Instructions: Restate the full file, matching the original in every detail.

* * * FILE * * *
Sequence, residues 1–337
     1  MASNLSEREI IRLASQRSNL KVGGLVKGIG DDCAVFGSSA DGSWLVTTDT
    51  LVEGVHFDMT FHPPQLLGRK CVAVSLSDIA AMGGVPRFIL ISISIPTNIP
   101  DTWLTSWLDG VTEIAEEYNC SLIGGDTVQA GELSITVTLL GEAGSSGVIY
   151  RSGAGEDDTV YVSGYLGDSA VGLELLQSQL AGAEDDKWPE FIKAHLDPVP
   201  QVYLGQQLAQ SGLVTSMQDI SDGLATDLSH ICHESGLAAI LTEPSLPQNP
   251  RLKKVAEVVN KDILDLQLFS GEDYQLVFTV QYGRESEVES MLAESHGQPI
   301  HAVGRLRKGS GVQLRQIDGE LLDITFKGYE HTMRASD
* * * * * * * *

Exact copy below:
Sequence, residues 1–337
     1  MASNLSEREI IRLASQRSNL KVGGLVKGIG DDCAVFGSSA DGSWLVTTDT
    51  LVEGVHFDMT FHPPQLLGRK CVAVSLSDIA AMGGVPRFIL ISISIPTNIP
   101  DTWLTSWLDG VTEIAEEYNC SLIGGDTVQA GELSITVTLL GEAGSSGVIY
   151  RSGAGEDDTV YVSGYLGDSA VGLELLQSQL AGAEDDKWPE FIKAHLDPVP
   201  QVYLGQQLAQ SGLVTSMQDI SDGLATDLSH ICHESGLAAI LTEPSLPQNP
   251  RLKKVAEVVN KDILDLQLFS GEDYQLVFTV QYGRESEVES MLAESHGQPI
   301  HAVGRLRKGS GVQLRQIDGE LLDITFKGYE HTMRASD